Companies offering InsurTech services such as mobile claims and policy payment services and microinsurance companies offering low-cost products such as funeral and livestock insurance are most likely to succeed in the Kenyan market, says the global professional services firm KPMG.
In a report, KPMG notes that until recently, most insurers have heavily relied on face-to-face distribution and have legacy systems that do not accommodate the changing needs of consumers.
In a world where consumers are clued up on technology and prefer to have their world revolve around their smartphones, there is an opportunity for insurers to digitise customer engagement through software applications. Increasingly, Kenyan insurers are following suit and offering self-service options through smartphone technology and only facilitating interaction with an agent when the client needs advice.
Opportunities for insurers also lie in prioritising the development of microinsurance products such as livestock and crop insurance. These would appeal to a large portion of the population in Kenya as much of the population works in the agriculture sector. Heavy rains in Kenya regularly cause floods destroying crops, farmland and property and food insecurity is exacerbated by locust invasions which devastate the agricultural industry and continue the cycle of poverty.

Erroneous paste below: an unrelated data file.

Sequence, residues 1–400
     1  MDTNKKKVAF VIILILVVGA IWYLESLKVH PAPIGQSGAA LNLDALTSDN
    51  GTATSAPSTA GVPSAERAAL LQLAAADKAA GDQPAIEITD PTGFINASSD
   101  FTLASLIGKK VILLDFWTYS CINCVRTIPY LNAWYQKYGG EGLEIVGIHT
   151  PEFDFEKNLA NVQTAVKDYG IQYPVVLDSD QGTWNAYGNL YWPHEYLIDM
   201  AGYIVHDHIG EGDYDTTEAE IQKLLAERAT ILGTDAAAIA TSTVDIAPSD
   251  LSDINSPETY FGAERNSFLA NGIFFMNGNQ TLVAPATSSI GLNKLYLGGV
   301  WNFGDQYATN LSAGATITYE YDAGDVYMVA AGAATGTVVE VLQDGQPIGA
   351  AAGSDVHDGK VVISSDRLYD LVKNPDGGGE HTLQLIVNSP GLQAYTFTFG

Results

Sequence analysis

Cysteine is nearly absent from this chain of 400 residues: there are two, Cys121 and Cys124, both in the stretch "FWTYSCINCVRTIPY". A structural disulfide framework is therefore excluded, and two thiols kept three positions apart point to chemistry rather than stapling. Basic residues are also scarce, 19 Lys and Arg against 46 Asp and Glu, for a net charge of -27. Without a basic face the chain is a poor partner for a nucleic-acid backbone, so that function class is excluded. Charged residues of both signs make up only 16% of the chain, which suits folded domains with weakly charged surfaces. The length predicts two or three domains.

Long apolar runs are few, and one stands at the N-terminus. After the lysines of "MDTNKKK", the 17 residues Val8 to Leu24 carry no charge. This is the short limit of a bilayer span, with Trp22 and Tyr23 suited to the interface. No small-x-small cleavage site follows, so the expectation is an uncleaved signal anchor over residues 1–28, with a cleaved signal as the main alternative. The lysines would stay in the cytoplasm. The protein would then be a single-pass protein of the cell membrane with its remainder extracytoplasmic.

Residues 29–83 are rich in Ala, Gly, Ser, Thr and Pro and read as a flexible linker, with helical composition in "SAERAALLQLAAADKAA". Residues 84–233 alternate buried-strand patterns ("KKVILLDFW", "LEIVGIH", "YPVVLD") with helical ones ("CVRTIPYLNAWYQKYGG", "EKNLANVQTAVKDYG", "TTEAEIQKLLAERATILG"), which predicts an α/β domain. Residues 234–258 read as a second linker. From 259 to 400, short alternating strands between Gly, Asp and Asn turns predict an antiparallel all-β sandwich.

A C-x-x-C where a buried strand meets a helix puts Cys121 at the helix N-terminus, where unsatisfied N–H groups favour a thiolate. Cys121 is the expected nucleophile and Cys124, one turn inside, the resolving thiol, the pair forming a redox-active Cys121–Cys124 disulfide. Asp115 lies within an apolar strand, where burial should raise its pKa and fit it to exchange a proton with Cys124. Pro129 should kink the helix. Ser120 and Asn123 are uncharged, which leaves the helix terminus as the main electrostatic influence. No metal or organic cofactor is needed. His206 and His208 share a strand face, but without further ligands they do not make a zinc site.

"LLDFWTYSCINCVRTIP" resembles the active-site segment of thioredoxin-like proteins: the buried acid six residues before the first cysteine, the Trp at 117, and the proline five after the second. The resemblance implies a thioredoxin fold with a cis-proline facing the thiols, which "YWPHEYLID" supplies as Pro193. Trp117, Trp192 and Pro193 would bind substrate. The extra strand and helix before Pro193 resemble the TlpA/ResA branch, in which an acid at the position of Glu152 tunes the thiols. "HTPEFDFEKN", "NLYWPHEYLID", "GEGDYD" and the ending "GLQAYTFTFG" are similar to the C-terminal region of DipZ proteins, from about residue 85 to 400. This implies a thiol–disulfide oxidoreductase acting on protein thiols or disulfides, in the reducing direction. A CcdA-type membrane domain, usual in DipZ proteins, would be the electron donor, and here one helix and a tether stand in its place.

However, with most insurers updating their policies to exclude catastrophic events and the impact of COVID-19 and business interruption, local consumers’ distrust of insurers continues to increase.
Furthermore, the KPMG report reads, “Like many countries in Africa, Kenya is faced with high volumes of fraud and corruption and the insurance industry is not any different. It is estimated that 25% of claims costs of insurers in Kenya are a result of fraudulent claims.”
In addition, in recent years, Kenya has seen an increase in cyber attack cases with 29% of corporate users experiencing malware attacks in just the first half of 2021. This calls for more effort and investment to be put into cyber security
Nevertheless, KPMG says that improving Kenya’s socio-economic status will aid in raising the insurance penetration levels which have remained for a long time below global averages which indicates a large, uninsured customer base,
At 3%, Kenya has the third-lowest insurance penetration rate in Sub-Saharan Africa with South Africa leading at 17%. This is due to most of Kenya’s population perceiving insurance as a “nice-to-have/easy to discard” product rather than one that is essential.
There are 58 insurers and reinsurers in Kenya and the market is dominated by CIC, Jubilee, Britam, ICEA, Lion General and APA Insurance. General insurance dominates the industry, accounting for 60% of industry gross written premiums.
Despite the low insurance penetration rate, the Kenyan government has been proactive when it comes to educating the population about the benefits of insurance products. The Insurance Regulatory Authority, Kenya’s insurance regulator, conducts a number of consumer education programmes around the country on an annual basis.